External coaptation can be used for long-term management of fractures where the joints proximal and distal can be immobilised (Harasen, 2003). These techniques are never indicated for the humerus or femur. Figure-of-eight bandages are commonly used in practice to immobilise the distal wing (Figure 2), although several rules should be followed to ensure they do not cause iatrogenic trauma to the patient. Bandages should not be placed along the leading edge of the propatagium as pressure necrosis can occur (Forbes, 2016), which can be catastrophic for release. Figure-of-eight bandages should be changed approximately every three days to avoid contracture of the wing muscles and to identify any iatrogenic trauma that may have occurred from the bandage (Calvo Carrasco, 2019).

FIGURE (1) The wing tips of this barn owl (Tyto alba) were taped to conservatively manage a non-displaced fracture of the ulna
FIGURE (2) Placement of a figure-of-eight bandage in a turkey (Meleagris gallopavo)

Aluminium foam-backed splints and Altmann’s tape splints can be used to immobilise the distal pelvic limb. Altmann’s tape splints are lightweight and useful in smaller birds weighing less than 300g to immobilise fractures of the tibiotarsus or tarsometatarsus (Ponder and Redig, 2016). A retrospective study by Wright et al. (2018) of birds weighing less than 200g with tibiotarsal fractures treated with tape splints resulted in a successful outcome in 97 percent of cases. In larger birds, aluminium foam-backed splints can be used to treat tibiotarsal fractures where surgery is not an option, as their malleable nature means they can be moulded to the shape required with ease (Calvo Carrasco, 2019). These splints can be secured in place using a cotton wool layer and a conforming bandage layer, ideally with external layers being changed every five to seven days to monitor for any iatrogenic damage from the bandage to the thin avian skin.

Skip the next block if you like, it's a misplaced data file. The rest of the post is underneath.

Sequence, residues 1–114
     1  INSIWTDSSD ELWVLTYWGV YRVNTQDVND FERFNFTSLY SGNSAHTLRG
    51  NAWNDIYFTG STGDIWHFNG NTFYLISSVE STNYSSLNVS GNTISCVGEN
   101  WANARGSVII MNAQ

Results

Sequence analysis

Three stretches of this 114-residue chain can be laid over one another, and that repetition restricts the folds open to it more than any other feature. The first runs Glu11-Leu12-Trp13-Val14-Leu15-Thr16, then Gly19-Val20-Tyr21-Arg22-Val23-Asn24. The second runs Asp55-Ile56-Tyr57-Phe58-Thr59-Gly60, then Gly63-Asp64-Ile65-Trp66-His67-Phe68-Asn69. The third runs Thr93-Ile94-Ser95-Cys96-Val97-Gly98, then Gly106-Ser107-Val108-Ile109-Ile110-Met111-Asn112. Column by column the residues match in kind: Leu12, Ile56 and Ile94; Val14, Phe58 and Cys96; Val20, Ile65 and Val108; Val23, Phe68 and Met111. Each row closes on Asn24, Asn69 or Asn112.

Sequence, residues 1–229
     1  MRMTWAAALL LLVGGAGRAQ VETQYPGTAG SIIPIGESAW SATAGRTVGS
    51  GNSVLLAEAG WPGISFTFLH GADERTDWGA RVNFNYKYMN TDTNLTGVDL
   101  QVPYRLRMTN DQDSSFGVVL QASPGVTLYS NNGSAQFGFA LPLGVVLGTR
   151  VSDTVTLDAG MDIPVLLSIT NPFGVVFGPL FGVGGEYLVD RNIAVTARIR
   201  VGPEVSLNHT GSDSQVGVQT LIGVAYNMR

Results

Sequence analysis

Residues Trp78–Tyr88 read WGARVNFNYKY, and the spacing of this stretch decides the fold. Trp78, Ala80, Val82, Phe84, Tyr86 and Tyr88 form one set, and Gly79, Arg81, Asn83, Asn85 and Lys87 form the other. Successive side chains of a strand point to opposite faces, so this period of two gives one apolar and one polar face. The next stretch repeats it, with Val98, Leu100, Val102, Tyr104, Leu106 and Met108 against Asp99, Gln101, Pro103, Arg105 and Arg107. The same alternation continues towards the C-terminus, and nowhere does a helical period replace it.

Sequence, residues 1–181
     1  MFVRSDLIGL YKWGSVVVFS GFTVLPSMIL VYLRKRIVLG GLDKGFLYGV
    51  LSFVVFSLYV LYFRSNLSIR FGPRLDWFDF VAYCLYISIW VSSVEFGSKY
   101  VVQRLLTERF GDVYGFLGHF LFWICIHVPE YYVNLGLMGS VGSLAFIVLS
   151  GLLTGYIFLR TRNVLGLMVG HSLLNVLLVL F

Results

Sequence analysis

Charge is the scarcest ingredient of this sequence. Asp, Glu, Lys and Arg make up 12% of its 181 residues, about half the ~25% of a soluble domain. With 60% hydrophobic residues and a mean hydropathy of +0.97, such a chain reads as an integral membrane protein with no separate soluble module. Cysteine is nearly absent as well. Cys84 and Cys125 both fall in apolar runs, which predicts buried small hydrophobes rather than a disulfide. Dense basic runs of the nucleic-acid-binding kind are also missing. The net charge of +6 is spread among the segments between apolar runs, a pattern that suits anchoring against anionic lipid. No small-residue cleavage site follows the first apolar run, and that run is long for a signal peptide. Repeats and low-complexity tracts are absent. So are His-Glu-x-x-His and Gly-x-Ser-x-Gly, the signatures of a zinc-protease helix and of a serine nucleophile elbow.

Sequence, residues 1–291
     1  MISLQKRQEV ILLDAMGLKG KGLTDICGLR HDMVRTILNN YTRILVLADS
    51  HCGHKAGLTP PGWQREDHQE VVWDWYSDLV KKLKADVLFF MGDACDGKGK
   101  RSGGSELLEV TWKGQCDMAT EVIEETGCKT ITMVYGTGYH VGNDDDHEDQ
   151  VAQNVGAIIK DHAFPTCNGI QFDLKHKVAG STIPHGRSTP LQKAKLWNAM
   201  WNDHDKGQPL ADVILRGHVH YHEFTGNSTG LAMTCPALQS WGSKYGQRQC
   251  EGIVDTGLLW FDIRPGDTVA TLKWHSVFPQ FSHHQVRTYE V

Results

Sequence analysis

Fractures of the toes can be treated with a ball bandage, which keeps the digits in a semi-extended position (Calvo Carrasco, 2019). A ball of cotton wool is placed on the plantar aspect of the foot and the toes positioned around “grasping” the cotton wool. It is important to monitor the contralateral foot for any evidence of pododermatitis during the use of this technique.

Surgical fracture repair

FIGURE (3) Use of a hybrid type II external skeletal fixator